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Archives - June 2009

Interview: Nicole Chaison, author of The Passion of the Hausfrau

Jun 16, 2009

Ah, memories of high school. The people we loved, the people we couldn’t stand, the problems all those people caused for us. Sometimes those problems live on long after the high-school years. Such was the case for Nicole Chaison. When she got the gift of a book by one of her former classmates, she was incensed. It was bad enough that one of her classmates, Bill Romanowski, had gone on to become a very rich and famous football star. But now he had written a book too? (Well, with the help of two cowriters, but still…) Chaison knew what she had to do: She had to finish her own book.

Interview: Rachel Renée Russell, author of Dork Diaries 1: Tales from a Not-So-Fabulous Life

Jun 2, 2009

Eighth-grader Nikki Maxwell has just moved to a new school, one in which she doesn’t fit and where she definitely feels unwelcome. But that’s nothing compared to what she really wants: an iPhone (something her mother won’t allow her to have yet). As this “dork” makes her way through the travails of school life, writer and artist Rachel Renée Russell introduces us to a lovable character along the lines of Jeff Kinney’s Diary of a Wimpy Kid and Bryan Lee O’Malley’s Scott Pilgrim. This time, it’s a character for the young-girl set, and the story, while primarily a prose novel, is accompanied by comic art throughout. It’s not a straight-up graphic novel by any means, but it’s a mixture that will appeal to a lot of comics and manga fans. And it’s already a huge hit with its target audience. We talked with Russell about her bestselling creation.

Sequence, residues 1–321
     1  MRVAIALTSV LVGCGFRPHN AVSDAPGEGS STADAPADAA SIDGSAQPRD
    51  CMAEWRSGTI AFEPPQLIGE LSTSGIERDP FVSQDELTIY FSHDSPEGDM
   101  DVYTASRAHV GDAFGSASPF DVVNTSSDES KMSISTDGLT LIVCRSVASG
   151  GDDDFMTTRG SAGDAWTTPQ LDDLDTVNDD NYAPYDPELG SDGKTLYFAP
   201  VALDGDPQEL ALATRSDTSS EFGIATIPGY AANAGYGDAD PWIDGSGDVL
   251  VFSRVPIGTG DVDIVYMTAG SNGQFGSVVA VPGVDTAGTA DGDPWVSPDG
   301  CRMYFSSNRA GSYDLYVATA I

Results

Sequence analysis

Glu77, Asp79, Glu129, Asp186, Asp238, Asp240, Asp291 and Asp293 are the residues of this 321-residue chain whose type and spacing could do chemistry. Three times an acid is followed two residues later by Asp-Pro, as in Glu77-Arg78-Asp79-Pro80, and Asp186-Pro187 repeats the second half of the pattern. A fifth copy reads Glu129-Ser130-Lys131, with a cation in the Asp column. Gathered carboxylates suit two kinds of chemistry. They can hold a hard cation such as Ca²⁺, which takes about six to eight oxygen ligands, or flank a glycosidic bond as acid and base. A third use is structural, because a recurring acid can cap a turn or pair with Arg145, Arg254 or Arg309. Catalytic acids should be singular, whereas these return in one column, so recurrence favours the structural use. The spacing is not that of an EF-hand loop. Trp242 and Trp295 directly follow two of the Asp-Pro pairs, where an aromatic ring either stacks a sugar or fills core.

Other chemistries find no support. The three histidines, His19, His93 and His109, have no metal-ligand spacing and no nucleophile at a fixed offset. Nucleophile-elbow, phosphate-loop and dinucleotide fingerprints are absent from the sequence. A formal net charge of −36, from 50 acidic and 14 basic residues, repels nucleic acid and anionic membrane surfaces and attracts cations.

Interview: Jeremy Love, author of Bayou

Jun 2, 2009

At turns gruelingly realistic and dripping with the Southern milieu that flavors its historical roots, Bayou is a rare treat. Fast-paced and gripping, it’s compulsively readable. Dark and foreboding, it’s got an eerie quality that chills the spine. But perhaps most notable is the infuriatingly accurate portrayal of racism and oppression inflicted on its main character, a young girl named Lee, and her father, who is wrongly accused of murdering a little white girl in the Mississippi bayou that gives the series its name.